Karma [Wikipedia]
…refers to the spiritual principle of cause and effect where intent and actions of an individual (cause) influence the future of that individual (effect). Good intent and good deed contribute to good karma and future happiness, while bad intent and bad deed contribute to bad karma and future suffering.

When we moved into our new house in Blue Ridge, we knew that it came with some furnishings. Not as many as was highlighted in the real estate listing, but that story is for another day. (Although, as this is a story about karma, I can’t help but add that the agent that did the bait and switch on some of the furnishings shown but not included – surprise! — will surely have his own “karma” moment one day, too. One can hope.)

Anyway, back to my story. Our home came with a really cool kitchen table–that I absolutely love–but alas, no chairs for the table. Fortunately, it didn’t take me too long to find chairs that were a match to the two kitchen bar stools that served as our only seating for the first few months. The perfect match chairs were a find, for sure, but they came with a price tag that, when multiplied by four, caused drops of sweat to bead up on my brow. Ok, I’m exaggerating slightly, but at $200 a chair, it’s one of those purchases you just have to be sure you love, with a capital L. Love.

And even though I did Love those chairs, I just couldn’t bring myself pull the trigger. Or, hit the Buy button, as it was.

I hemmed.

I hawed.

I searched.

And searched.

And then, after many hours of trying to find just the right chairs for just the right price, I decided that I just had to have those chairs.

Note: The name of the store where I bought the chair has been changed to protect the innocent (that would be me.) 

So, I logged back into ilovethatchair.com and lo and behold, the chairs were on sale for $99 each! The sweat on my brow instantly evaporated. Half price? Are you kidding me? Well, there you go. Those chairs are meant to be. Decision made easier and guilt reduced by a whopping 50%. Buyers remorse, I think not. This is a go. I hit that buy button and ordered four chairs lickety-split.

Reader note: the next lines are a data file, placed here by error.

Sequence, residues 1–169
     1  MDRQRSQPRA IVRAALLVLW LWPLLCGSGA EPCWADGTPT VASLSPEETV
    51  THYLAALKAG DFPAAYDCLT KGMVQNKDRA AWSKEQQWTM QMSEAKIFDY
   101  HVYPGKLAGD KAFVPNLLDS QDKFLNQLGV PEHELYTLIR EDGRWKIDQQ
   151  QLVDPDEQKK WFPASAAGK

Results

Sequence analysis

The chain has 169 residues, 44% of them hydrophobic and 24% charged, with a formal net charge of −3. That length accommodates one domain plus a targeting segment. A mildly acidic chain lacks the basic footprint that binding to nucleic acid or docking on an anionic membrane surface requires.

A week later, the UPS man dropped three massive boxes on my front deck. The signature brown truck was barely out of the driveway and I was out there tearing into the boxes. First box: One chair. Another chair. Oh, two in this box. Okay. Opened the second box. One chair. Another chair. Hmmm. Opened the third box. One more chair.

They shipped me five chairs.

Not to throw my husband under the bus or anything, but his first sentence was “Awesome. Now we have an extra in case something happens.”

Umm. No. I can’t keep the extra chair, I tell him.

“Why not?”

Why not? Well, I didn’t pay for it, for one. And, karma. Bad juju. Whatever you want to call it, I say. If I keep that chair… who knows. Can’t do it.

So, I tuck the extra chair back into the box and promptly email customer support to let them know of the error. They thank me and schedule a pick-up. Done. Good.

The next week they come and pick up the chair and I’m feeling pretty good about it.  I mean, karma, you know what a B she can be, right? Who needs that in their life? I have my four chairs. They were a steal — and everyone’s happy.

The next week I’m looking at my bank account and I see a credit from ilovethatchair.com. A credit back to my account for $199! Not even the sale price, but the original price of the chair. Chair number five. The chair I so graciously returned.

So, like I said — Karma.

Another note: The chair depicted in this article is not THE chair. Again, to protect the innocent…